Falconer, D.S. 1989. Introduction to Quantitative Genetics. Longman Scientific and Technical.
  • 20
    Flury, B. 1988. Common Principal Components and Related Multivariate Methods. Wiley, New York.
  • 21
    Gibbs, H.L. & Grant, P.R. 1987. Oscillating selection on Darwin’s finches. Nature 327: 511 513.
  • 22
    Gibson, A.R., Baker, A.J., Moeed, A.J. 1984. Morphometric variation in introduced populations of the Common myna (Acridotheres tristis): an application of the jacknife to principal component analysis . Syst. Zool. 33: 408 421.
  • 23
    Grant, P.R. 1983. Inheritance of size and shape in a population of Darwin’s finches, Geospiza conirostris. Proc. R. Soc. Lond. B 220: 219 236.
  • 24
    Grant, B.R. 1985. Selection on bill characters in a population of Darwin’s finches: Geospitza conirostris on Isla Genovesa, Galapagos. Evolution 39: 523 532.
  • 25
    Grant, P.R. 1986. Ecology and Evolution of Darwin’s Finches. Princeton University Press, Princeton.
  • 26
    Grant, P.R. & Grant, B.R. 1995. Predicting microevolutionary responses to directional selection on heritable variation. Evolution 49: 241 251.
  • 27
    Handford, P. 1983. Continental patterns of morphological variation in a south American sparrow. Evolution 37: 920 930.
  • 28
    Koots, K.R. & Gibson, J.P. 1994. How precise are genetic correlation estimates? Proc. 5th World Cong. Gen. Appl. Livestock Prod., 18, pp. 353–356. Dept. Animal and Poultry Sci., University of Guelph, Ont., Canada.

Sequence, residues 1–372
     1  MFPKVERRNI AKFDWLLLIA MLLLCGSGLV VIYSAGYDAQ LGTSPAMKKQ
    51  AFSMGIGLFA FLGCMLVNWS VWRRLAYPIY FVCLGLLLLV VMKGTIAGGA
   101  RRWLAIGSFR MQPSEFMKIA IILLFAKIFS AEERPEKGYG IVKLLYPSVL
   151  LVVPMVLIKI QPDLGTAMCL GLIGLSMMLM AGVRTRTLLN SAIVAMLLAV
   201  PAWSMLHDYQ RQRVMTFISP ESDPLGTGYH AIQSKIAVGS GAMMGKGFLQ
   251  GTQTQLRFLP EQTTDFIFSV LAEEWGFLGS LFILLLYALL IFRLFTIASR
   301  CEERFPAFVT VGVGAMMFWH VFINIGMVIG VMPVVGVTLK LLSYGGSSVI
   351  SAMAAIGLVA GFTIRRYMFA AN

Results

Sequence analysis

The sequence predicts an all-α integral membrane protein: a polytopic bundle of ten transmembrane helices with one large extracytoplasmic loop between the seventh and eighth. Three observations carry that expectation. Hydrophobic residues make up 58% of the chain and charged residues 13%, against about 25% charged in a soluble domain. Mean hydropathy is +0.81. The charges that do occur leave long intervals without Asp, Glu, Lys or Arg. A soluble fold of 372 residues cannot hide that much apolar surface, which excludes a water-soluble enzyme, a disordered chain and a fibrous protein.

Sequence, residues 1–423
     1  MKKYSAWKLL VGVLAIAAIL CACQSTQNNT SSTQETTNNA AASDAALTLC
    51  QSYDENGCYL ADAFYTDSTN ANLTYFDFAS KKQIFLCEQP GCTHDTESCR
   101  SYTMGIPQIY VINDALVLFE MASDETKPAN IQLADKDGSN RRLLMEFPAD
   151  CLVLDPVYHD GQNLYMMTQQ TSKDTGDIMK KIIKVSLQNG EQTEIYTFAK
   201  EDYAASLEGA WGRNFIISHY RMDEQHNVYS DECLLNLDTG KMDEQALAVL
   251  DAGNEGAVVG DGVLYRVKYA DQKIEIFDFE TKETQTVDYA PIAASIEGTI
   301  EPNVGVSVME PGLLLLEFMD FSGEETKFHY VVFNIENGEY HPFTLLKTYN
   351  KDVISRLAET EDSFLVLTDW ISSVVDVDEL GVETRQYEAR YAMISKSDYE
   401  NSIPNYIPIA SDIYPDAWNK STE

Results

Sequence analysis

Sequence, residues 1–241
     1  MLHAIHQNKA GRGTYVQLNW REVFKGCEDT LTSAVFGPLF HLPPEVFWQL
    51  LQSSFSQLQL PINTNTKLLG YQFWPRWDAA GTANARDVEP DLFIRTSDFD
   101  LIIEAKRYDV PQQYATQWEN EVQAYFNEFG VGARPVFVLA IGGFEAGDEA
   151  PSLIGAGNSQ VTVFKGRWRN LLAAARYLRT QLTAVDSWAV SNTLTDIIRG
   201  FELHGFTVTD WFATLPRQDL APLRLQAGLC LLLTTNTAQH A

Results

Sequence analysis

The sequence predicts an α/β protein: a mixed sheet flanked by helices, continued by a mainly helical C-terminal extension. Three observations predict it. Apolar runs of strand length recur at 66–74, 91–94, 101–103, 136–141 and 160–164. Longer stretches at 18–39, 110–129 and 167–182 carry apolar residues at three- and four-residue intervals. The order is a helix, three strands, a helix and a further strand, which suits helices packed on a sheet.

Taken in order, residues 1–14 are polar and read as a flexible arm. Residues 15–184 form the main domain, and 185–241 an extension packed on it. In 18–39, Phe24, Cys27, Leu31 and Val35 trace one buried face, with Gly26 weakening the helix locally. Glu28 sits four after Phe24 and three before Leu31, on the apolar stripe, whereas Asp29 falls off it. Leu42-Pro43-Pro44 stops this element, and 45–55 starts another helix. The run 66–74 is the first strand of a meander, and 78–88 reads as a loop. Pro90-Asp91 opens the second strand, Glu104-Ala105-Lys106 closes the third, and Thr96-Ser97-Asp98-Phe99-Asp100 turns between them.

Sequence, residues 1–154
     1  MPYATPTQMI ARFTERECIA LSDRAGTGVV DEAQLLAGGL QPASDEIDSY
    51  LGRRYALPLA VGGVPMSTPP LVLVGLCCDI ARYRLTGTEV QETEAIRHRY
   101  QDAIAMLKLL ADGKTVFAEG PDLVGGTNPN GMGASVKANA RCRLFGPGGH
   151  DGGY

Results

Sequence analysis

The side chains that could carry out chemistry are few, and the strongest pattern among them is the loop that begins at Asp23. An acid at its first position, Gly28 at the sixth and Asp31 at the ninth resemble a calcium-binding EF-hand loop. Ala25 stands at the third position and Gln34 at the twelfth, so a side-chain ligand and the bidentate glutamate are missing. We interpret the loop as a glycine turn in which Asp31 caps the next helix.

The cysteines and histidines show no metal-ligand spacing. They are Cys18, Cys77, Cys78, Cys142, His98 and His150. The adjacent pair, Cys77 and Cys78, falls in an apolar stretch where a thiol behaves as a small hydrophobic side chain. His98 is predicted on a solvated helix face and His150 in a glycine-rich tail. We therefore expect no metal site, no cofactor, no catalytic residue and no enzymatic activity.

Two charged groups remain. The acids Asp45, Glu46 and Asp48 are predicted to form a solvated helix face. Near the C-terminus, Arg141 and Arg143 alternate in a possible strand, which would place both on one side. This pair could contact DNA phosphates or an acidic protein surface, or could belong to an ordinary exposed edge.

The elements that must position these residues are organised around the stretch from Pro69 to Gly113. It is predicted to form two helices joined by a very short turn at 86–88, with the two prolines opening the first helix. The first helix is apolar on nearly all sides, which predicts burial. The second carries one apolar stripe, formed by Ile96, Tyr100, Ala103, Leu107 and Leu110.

• 29
    Lande, R. 1976. Natural selection and random genetic drift in phenotypic evolution. Evolution 30: 314 334.
  • 30
    Lande, R. 1979. Quantitative genetic analysis of multivariate evolution applied to brain:body size allometry. Evolution 33: 402 416.
  • 31
    Lande, R. 1980. Genetic variation and phenotypic evolution during allopatric speciation. Am. Nat. 116: 463 479.
  • 32
    Lloyd, E.A. & Gould, S.J. 1993. Species selection on variability. Proc. Natl. Acad. Sci. USA 90: 595 599.
  • 33
    Lofsvold, D. 1988. Quantitative genetics of morphological differentiation in Peromyscus. II. Analysis of selection and drift. Evolution42: 54–67.
  • 34
    Merilä, J. 1997. Quantitative trait and allozyme divergence in the Greenfinch (Carduelis chloris; Fringillidae) . Biol. J. Linn. Soc. 61: 243 266.
  • 35
    Merilä, J., Björklund, M., Baker, A.J. 1996. Genetic population structure and northward decline of genetic variability in the Greenfinch, Carduelis chloris. Evolution 50: 2548 2557.
  • 36